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pre-cum risk
Jul 19, 2001

18 mnths ago I gave a premiscious gay man oral sex for about 10 mins. He didn't cum as he was very drunk. We gave it up as a bad job. I had a cold at the time and have had problems with gingivitus but I did not brush my teeth prior. I have only been worried since my girlfriend and I had a child 6 mnths ago, it was then that the implications of infection hit me. Do you think I should worry. This is the only risky episode I have had. My child is very healthy but myself and girlfriend have suffered loose stools more regularly since she was born. My childhood eczema has re-occurred and my girlfriend has taken 6+ mnths to recover from her episiotomy. Are these symptoms. Thank you for your time.

Response from Mr. Kull

What you describe may or may not be symptoms that have significance for your long-term health (please remember, I am not a medical doctor and am not a substitute for one), but there is nothing about your symptoms and history that suggests that you are at significant risk for HIV infection. Performing oral sex on a man does pose some risk for infection, but oral sex is generally considered low-risk, especially if the insertive partner does not ejaculate in your mouth. The pre-cum of HIV infected people can contain HIV, and it is possible to be infected through oral contact with pre-cum, but it seems to be a rare occurrence in the scheme of things.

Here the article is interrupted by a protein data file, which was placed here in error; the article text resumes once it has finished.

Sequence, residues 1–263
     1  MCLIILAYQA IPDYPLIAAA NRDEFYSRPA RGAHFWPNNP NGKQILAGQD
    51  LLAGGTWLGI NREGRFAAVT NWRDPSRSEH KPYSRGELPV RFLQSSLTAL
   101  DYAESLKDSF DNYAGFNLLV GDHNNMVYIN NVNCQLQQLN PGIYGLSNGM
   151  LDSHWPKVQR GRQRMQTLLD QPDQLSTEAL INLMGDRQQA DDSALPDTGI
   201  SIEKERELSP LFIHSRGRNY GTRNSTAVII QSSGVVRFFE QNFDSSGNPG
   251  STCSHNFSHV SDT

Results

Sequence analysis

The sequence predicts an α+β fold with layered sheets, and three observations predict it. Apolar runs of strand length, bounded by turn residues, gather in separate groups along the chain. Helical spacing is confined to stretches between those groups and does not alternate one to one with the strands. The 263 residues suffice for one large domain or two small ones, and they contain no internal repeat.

This does not mean that you are not at risk for infection. Getting an HIV antibody test may help resolve your anxiety about your health and your family, or at least give you the answers you are looking for.

Clearly your concern arises from the fear that your partner and child may have been exposed to HIV. Sometimes this concern can be exaggerated by feelings of guilt. There is nothing wrong with having sexual experiences with someone of the same sex, and the shame many people feel about same-sex encounters or desires cause deep conflict. It is important to be aware of the conflicts that sexual activity outside of your primary relationship may cause, look at the underlying motivation for your actions, and do your best to take steps to resolve that conflict. What will happen if you find yourself having sexual contact with another man again? Are there steps you can take to reduce the possibility of future anxiety about infection (use a condom for oral or anal sex, engage in mutual masturbation)? Or is this an issue you need to address with your current partner? These are complex questions, but ignoring them may just perpetuate the stress and conflict you are experiencing.

RMK



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